After rough 2017, WKU feeling ‘forgotten.’ Change begins at ground level.

D’Andre Ferby dived into the end zone for a touchdown during Western Kentucky’s loss to Florida Atlantic in Bowling Green last season. Ferby led WKU running backs with 373 yards rushing and three touchdowns last season.
D’Andre Ferby dived into the end zone for a touchdown during Western Kentucky’s loss to Florida Atlantic in Bowling Green last season. Ferby led WKU running backs with 373 yards rushing and three touchdowns last season. AP

When time ran out on the 2017 season, Western Kentucky University had one more loss than it did wins for the first time since 2010. Quarterback Mike White’s productive two-year run as WKU quarterback was over, and head coach Mike Sanford’s first season was in the books.

A year later, Sanford is tasked with leading a team with just 11 seniors on the roster. His biggest challenge, however, will be squeezing as much production as possible out of a running game that ranked dead last in the Football Bowl Subdivision last season.

In 2017, the Hilltoppers had exactly zero rushing plays greater than 20 yards and finished 9 yards short of 800 total yards on the ground. When asked if he expects the running game to improve in 2018, Sanford’s answer was quick and direct.

“It has to,” he said at the team’s media day. “And it will. That’s our job as coaches and we’re committed to it but we’re not just gonna hand the ball off and ask for a rugby scrum every play. We need to identify the backs that are gonna turn those 4-yard blocked runs into explosive runs.”

Of the few seniors on the roster, perhaps no player has experienced a wider range of success and disappointment than senior running back D’Andre Ferby. After redshirting his first year on the Hill in 2014, Ferby was thrust into a lead role in 2015 when Leon Allen went down in the season opener.

Ferby earned Conference USA All-Freshman honors with 650 yards and 11 touchdowns in his first season. A year later, his season lasted exactly one play because of a knee injury sustained on the first play of the 2016 season.

Now a self-proclaimed “elder statesman” on a young team, Ferby is ready to put last season behind him.

“It’s been a tough past two years coming off the season-ending knee injury and last year being last year, having the productivity that we did as a whole … it wasn’t anything worth talking about,” he said. “I got a chance to come back and kind of re-implement myself.”

Although he wasn’t pleased with his performance, Ferby remained the most productive player in WKU’s backfield last season, leading the team with 373 yards and three touchdowns. He also knows the Hilltoppers were picked to finish fifth in the Conference USA East Division this season.

“This year’s kind of different from previous years because it’s really no hype,” Ferby said. “It’s kind of like forgotten.

“I know one thing: it can’t be any worse than it was last year. Last year was one of the worst rushing years statistically that WKU has had. I know we have the guys in that room who are able to go out there and make big plays.”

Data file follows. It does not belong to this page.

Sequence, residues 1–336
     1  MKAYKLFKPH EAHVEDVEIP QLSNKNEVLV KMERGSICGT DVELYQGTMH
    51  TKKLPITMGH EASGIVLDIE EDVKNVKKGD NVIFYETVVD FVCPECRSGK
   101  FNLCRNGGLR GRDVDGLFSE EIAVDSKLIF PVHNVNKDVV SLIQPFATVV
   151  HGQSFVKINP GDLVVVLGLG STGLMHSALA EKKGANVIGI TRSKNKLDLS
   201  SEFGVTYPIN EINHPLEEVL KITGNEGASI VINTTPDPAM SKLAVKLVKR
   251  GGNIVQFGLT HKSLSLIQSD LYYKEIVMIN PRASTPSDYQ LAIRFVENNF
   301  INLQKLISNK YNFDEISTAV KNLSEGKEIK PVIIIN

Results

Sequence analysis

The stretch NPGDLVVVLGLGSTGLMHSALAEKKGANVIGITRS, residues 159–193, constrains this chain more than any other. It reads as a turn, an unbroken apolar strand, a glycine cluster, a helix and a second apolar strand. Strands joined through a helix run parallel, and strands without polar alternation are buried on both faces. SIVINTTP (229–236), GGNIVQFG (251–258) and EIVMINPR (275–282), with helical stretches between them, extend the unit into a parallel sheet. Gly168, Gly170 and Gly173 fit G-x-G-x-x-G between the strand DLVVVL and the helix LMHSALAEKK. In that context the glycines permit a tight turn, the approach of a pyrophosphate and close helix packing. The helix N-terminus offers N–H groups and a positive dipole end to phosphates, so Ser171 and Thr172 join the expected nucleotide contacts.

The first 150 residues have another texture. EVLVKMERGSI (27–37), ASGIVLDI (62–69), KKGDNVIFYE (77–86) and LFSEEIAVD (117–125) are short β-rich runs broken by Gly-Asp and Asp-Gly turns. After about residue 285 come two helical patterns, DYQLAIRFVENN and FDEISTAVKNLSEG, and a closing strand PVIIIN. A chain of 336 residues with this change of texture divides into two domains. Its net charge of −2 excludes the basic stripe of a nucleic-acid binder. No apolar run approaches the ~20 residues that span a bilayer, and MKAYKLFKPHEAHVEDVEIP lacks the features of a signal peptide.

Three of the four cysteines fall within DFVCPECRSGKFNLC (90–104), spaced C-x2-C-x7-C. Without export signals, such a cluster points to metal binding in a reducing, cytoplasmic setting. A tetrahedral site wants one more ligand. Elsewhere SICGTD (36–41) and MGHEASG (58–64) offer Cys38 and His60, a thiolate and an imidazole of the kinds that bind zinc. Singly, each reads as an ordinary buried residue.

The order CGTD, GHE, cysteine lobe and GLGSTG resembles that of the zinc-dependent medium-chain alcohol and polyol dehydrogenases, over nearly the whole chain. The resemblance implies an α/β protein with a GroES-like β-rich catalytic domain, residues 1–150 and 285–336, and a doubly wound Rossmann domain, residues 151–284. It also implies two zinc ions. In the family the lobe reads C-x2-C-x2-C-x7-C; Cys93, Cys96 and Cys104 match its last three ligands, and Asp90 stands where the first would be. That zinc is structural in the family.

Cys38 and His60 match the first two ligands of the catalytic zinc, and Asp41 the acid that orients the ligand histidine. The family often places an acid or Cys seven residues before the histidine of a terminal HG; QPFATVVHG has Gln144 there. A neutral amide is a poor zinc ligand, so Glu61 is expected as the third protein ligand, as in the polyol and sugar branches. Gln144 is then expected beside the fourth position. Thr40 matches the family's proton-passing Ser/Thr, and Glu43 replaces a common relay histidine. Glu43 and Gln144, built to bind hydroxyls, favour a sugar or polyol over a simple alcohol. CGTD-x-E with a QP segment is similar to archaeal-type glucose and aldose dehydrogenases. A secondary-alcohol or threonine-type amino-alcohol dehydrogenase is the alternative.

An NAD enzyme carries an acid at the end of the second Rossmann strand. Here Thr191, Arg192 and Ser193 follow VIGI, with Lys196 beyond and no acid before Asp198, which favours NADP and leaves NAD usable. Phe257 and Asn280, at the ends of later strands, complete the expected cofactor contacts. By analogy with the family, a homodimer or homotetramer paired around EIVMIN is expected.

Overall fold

While he will be an important piece of the running game, Ferby won’t be expected to turn it around on his own. Sophomore back Jakairi Moses is a speedy young runner who came close to breaking off the long plays WKU fans have become to expect. With former in-state talent Quinton Baker gone for a violation of team rules, redshirt junior Marquez Trigg steps into a larger role as do freshmen Gino Appleberry Jr. and Garland LaFrance.

“It’s kind of weird,” Ferby said. “I look around and there’s no more Ace Wales, no more Leon Allens and no more Brandon Doughtys. It’s kind of surreal how fast time goes by.”

Scouting report

Head coach: Mike Sanford (second year). Sanford previously served as offensive coordinator at Boise State and Notre Dame.

Last season: 6-7 overall, 4-4 in Conference USA. Lost to Georgia State in the Cure Bowl.

Returning starters: 12 (4 offense, 7 defense, 1 special teams)

Outlook: The Hilltoppers are coming off a down season in Sanford’s first year as head coach. Quarterback Mike White is gone, making junior Drew Eckels the Toppers’ starter on a team with just 11 seniors. Gone too are wide receivers Nacarius Fant and Cam Echols-Luper, tight end Deon Yelder and fourth-round NFL Draft pick Joel Iyiegbuniwe. Lexington native Lucky Jackson is back for his final season and will compete with tight end Mik’Quan Deane and wide-outs Xavier Lane and Jacquez Sloane for catches. As for the defense, WKU will be led by its secondary where returning starters and Kentucky natives DeAndre Farris and Masai Whyte anchor an improving defense under defensive coordinator Clayton White. Replacing Iyiegbuniwe and defensive tackle Chris Johnson will be a tall order, but young pass rushers like DeAngelo Malone and Julien Lewis make a solid pair on the defensive front.

Game of the year: The Hilltoppers will face some major road tests in 2018, starting in Week 1 with a trip to Wisconsin. Two weeks later WKU travels up the road to play at Louisville for the first time in 20 years. As for the most important game of the year, a Nov. 10 date at defending C-USA champion and 2018 favorite Florida Atlantic stands out. A second-half collapse against the Owls sent the Hilltoppers home with a 42-28 home loss in 2017. A win against Lane Kiffin and company would be massive for Sanford in year two.